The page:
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The Black Swan: The Impact of the Highly Improbable
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Bestselling author Nassim Nicholas Taleb continues his exploration of randomness in his fascinating new book, The Black Swan, in which he examines the influence of highly improbable and unpredictable events that have massive impact. Engaging and enlightening, The Black Swan is a book that may change the way you think about the world, a book that Chris Anderson calls, "a delightful romp through history, economics, and the frailties of human nature." See Anderson's entire guest review below.

Guest Reviewer: Chris Anderson

Chris Anderson is editor-in-chief of Wired magazine and the author of The Long Tail: Why the Future of Business Is Selling Less of More.

Four hundred years ago, Francis Bacon warned that our minds are wired to deceive us. "Beware the fallacies into which undisciplined thinkers most easily fall--they are the real distorting prisms of human nature." Chief among them: "Assuming more order than exists in chaotic nature." Now consider the typical stock market report: "Today investors bid shares down out of concern over Iranian oil production." Sigh. We're still doing it.

Our brains are wired for narrative, not statistical uncertainty. And so we tell ourselves simple stories to explain complex thing we don't--and, most importantly, can't--know. The truth is that we have no idea why stock markets go up or down on any given day, and whatever reason we give is sure to be grossly simplified, if not flat out wrong.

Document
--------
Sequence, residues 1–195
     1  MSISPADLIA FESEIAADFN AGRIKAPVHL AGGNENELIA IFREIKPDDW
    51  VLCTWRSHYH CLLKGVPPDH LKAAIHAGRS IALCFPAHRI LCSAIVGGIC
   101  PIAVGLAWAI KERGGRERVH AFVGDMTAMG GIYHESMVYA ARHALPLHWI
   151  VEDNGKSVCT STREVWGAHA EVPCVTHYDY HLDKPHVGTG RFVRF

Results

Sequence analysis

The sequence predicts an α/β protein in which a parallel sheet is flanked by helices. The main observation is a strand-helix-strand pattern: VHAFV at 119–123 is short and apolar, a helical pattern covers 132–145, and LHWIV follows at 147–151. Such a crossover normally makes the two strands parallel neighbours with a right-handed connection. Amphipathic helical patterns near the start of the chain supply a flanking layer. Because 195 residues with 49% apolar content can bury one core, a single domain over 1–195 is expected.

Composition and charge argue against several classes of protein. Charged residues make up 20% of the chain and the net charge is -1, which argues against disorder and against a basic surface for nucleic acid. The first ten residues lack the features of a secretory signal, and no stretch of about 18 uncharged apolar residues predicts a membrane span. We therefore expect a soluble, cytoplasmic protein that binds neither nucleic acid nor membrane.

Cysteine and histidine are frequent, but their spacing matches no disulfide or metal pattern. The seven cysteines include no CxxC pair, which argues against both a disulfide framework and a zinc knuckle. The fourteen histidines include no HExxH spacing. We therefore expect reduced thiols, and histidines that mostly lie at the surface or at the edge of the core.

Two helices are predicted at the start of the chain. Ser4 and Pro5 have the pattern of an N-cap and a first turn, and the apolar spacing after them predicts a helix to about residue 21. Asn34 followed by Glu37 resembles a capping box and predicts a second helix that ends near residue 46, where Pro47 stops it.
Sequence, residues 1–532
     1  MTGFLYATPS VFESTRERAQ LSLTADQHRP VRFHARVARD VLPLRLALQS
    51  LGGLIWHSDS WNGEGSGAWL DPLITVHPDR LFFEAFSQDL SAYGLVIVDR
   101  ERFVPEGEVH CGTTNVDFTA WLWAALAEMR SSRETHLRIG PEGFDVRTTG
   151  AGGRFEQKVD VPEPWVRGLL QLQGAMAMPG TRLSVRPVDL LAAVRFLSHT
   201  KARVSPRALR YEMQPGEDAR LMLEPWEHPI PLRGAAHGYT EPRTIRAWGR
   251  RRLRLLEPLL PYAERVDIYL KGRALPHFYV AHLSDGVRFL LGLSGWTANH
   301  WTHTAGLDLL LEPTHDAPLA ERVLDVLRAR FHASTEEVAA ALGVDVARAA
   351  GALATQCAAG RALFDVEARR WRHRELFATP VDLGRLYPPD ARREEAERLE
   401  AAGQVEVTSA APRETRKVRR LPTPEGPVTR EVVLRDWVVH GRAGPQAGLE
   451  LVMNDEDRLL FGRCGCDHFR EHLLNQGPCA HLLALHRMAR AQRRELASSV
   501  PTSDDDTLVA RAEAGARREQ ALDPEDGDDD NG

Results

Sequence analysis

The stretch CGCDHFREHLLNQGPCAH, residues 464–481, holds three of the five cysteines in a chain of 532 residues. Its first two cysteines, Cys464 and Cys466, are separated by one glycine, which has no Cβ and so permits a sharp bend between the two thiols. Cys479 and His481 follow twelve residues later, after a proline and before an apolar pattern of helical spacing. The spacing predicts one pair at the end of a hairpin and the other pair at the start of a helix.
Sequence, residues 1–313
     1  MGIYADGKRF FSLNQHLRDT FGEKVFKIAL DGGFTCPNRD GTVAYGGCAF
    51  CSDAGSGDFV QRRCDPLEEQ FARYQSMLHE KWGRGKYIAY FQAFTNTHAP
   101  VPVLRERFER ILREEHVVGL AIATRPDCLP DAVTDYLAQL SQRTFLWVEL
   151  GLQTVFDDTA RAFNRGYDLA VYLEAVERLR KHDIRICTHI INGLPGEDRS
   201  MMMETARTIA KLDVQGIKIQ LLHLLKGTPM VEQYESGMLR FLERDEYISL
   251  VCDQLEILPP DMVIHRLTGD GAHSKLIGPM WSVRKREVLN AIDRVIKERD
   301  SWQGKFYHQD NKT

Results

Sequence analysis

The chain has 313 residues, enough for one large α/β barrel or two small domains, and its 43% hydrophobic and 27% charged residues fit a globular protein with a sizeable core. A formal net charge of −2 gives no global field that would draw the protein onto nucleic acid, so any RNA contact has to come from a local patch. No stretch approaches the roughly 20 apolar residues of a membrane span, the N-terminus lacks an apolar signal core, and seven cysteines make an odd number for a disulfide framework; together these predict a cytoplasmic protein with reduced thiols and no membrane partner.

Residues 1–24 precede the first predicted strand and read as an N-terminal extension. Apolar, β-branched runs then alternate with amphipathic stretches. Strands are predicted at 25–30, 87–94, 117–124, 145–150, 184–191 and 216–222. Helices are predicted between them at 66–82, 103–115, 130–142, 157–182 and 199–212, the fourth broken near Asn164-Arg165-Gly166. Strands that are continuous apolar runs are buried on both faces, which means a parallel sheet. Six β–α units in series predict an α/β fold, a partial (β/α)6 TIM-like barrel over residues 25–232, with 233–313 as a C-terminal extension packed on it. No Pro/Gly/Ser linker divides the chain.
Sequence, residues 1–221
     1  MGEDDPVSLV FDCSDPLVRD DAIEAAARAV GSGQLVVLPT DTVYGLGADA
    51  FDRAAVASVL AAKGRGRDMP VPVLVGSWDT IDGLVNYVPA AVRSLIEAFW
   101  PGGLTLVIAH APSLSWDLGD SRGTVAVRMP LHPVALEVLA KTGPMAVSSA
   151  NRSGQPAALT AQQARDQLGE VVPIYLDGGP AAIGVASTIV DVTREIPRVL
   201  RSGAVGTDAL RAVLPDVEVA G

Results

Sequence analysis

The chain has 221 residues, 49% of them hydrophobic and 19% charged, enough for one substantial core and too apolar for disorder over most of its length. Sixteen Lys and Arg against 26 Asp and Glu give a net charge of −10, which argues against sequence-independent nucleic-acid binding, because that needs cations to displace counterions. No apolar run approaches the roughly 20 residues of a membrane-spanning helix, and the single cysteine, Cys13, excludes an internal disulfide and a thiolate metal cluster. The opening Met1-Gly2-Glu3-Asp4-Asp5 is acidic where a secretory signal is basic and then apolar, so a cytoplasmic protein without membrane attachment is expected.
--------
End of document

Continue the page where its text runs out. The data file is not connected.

Nassim Nicholas Taleb first made this argument in Fooled by Randomness, an engaging look at the history and reasons for our predilection for self-deception when it comes to statistics. Now, in The Black Swan: the Impact of the Highly Improbable, he focuses on that most dismal of sciences, predicting the future. Forecasting is not just at the heart of Wall Street, but it?s something each of us does every time we make an insurance payment or strap on a seat belt.

The problem, Nassim explains, is that we place too much weight on the odds that past events will repeat (diligently trying to follow the path of the "millionaire next door," when unrepeatable chance is a better explanation). Instead, the really important events are rare and unpredictable. He calls them Black Swans, which is a reference to a 17th century philosophical thought experiment. In Europe all anyone had ever seen were white swans; indeed, "all swans are white" had long been used as the standard example of a scientific truth. So what was the chance of seeing a black one? Impossible to calculate, or at least they were until 1697, when explorers found Cygnus atratus in Australia.

Nassim argues that most of the really big events in our world are rare and unpredictable, and thus trying to extract generalizable stories to explain them may be emotionally satisfying, but it's practically useless. September 11th is one such example, and stock market crashes are another. Or, as he puts it, "History does not crawl, it jumps." Our assumptions grow out of the bell-curve predictability of what he calls "Mediocristan," while our world is really shaped by the wild powerlaw swings of "Extremistan."

In full disclosure, I'm a long admirer of Taleb's work and a few of my comments on drafts found their way into the book. I, too, look at the world through the powerlaw lens, and I too find that it reveals how many of our assumptions are wrong. But Taleb takes this to a new level with a delightful romp through history, economics, and the frailties of human nature. --Chris Anderson

A black swan is a highly improbable event with three principal characteristics: It is unpredictable; it carries a massive impact; and, after the fact, we concoct an explanation that makes it appear less random, and more predictable, than it was. The astonishing success of Google was a black swan; so was 9/11. For Nassim Nicholas Taleb, black swans underlie almost everything about our world, from the rise of religions to events in our own personal lives.